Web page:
When the police catch up to the Firefly clan, they are faced with a literal house of horrors, with decaying corpses strewn about like so much garbage. Despite a furious firefight, in which Otis (Bill Mosley), and Baby (Sheri Moon Zombie), escape and join up with Captain Spaulding (Sid Haig), the clan’s patriarch. Our trio of thrills killers’ latest spree is interrupted by Sheriff Wydell (William Forsythe), a lawman with more than justice on his mind.
Remember, the key thing is to just blend in...
'House of 1000 Corpses,' Rob Zombie’s, initial foray into filmmaking, was the recipient of some of the most scathing reviews in recent years. Unfortunately (or fortunately depending on who you talk to) it is one of those movies that never made it onto my radar, but it must have made some money at the box office or in rentals, as he somehow managed to get the green light for a sequel. Regardless, it was obviously decided that “House of 1000 Corpses 2” wasn’t exactly a big selling point and the title was changed.
'The Devils Rejects' is Zombie’s homage to the 1970’s ultraviolent exploitation horror flick, most of which never saw life beyond the drive-in (today they’d be known as straight-to-video fare). Zombie populates his movie with a veritable who’s who of 70’s fixtures: 'Three’s Company’s Priscilla Barnes, 'Too Close For Comfort’s Deborah Van Valkenberg, porn star Ginger Lynn, wrestler Diamond Dallas Paige, and retinue of B movie actors, including horror movie staple freak Michael Berryman. Trying to figure out where I had seen the actors was by far the most entertaining component of the movie for me. Beyond the cast, Zombie makes use of recent cinema-verite techniques, including bouncing camera shots, fuzzy video, and faux newscasts, that help to maintain that 70’s feel. A little too well as it turns out.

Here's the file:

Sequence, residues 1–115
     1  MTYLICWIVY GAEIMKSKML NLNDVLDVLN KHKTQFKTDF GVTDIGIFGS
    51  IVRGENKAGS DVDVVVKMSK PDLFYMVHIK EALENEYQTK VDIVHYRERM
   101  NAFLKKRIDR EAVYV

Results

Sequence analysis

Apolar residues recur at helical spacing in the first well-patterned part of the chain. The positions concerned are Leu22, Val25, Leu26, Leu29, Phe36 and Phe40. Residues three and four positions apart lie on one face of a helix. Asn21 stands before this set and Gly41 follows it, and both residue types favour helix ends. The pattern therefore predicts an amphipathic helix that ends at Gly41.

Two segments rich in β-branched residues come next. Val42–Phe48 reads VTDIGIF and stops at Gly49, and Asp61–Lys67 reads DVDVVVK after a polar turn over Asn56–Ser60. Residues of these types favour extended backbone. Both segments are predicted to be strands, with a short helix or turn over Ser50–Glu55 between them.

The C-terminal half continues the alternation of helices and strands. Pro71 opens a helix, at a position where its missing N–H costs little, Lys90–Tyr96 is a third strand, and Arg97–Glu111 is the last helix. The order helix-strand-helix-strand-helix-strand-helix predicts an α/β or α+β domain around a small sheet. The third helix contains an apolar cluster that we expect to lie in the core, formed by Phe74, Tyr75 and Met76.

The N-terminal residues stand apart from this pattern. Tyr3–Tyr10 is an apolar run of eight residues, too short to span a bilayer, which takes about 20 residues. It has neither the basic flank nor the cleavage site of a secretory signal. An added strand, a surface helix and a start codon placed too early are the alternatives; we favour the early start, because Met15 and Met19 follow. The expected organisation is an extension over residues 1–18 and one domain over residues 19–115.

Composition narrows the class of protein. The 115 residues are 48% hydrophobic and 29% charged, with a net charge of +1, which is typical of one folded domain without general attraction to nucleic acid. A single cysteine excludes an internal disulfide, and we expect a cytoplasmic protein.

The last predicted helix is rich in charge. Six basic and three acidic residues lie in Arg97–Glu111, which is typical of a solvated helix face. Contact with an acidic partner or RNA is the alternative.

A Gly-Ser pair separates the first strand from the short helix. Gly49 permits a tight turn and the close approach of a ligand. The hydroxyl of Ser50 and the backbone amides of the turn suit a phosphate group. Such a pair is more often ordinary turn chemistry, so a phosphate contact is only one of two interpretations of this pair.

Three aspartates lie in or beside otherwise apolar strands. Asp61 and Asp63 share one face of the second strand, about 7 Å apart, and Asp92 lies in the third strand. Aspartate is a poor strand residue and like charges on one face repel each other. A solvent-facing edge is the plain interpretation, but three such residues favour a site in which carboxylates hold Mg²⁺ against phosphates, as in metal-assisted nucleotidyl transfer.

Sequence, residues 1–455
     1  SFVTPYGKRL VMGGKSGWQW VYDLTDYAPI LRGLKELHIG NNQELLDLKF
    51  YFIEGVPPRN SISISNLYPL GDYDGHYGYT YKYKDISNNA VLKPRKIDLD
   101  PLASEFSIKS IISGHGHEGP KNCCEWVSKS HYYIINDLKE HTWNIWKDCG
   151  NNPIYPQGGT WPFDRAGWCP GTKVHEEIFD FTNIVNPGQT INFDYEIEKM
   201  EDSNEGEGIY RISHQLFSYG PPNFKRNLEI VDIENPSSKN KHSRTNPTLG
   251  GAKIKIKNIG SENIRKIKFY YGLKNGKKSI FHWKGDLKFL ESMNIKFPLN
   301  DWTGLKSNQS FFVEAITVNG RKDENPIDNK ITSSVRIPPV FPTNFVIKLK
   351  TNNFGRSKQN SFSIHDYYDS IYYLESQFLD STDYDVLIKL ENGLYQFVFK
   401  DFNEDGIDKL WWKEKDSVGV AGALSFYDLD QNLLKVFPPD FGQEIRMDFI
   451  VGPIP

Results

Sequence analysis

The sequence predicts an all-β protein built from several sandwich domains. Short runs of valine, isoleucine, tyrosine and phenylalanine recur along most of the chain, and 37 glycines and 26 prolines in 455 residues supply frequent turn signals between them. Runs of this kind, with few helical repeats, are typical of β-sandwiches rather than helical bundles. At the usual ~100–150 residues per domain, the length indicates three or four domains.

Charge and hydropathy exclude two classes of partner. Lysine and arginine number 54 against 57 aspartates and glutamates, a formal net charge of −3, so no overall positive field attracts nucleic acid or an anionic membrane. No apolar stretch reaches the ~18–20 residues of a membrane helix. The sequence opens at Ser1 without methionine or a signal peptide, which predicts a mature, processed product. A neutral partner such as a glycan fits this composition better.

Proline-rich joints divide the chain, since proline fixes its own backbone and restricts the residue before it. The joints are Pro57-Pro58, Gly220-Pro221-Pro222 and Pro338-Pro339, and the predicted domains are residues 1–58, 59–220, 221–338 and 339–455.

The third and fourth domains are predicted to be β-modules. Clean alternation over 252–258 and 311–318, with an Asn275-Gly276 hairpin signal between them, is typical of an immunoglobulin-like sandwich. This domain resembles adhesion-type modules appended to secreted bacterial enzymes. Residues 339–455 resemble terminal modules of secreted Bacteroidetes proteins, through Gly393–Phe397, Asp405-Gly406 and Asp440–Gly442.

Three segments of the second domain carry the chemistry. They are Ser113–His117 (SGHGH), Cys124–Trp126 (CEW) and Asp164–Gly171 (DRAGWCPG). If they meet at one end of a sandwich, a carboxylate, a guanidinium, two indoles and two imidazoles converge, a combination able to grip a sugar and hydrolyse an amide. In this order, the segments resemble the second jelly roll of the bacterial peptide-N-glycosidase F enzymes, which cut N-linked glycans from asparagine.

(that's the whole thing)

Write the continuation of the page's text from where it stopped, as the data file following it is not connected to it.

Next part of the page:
Like the very movies it’s modeled after, the 'Devil’s Rejects' has a free flowing throwaway storyline that makes little sense, and characters that are either so bland or loathsomely irredeemable that you can’t be bothered to care about any of them. With regards to the dialogue, I have a piece of advice for Mr. Zombie – invest in a thesaurus! I hated the constant flow of four letter words, not out of any reasons of morality, rather I found it to be frighteningly unimaginative and downright boring. As for the reviews I’ve read that take Zombie to task for the violent content, I’m somewhat confused – while there are indeed several potentially disturbing scenes, they were no worse than those showcased in legions of slasher flicks. Finally, the ending is particularly confusing, as it seems to suggest that the movie’s antagonists are somehow reformed, when clearly they aren’t.
I think 'The Devil’s Rejects' has a future as a novelty rental for people who want to test their 70’s knowledge. Other than that, I predict a quick disappearing act.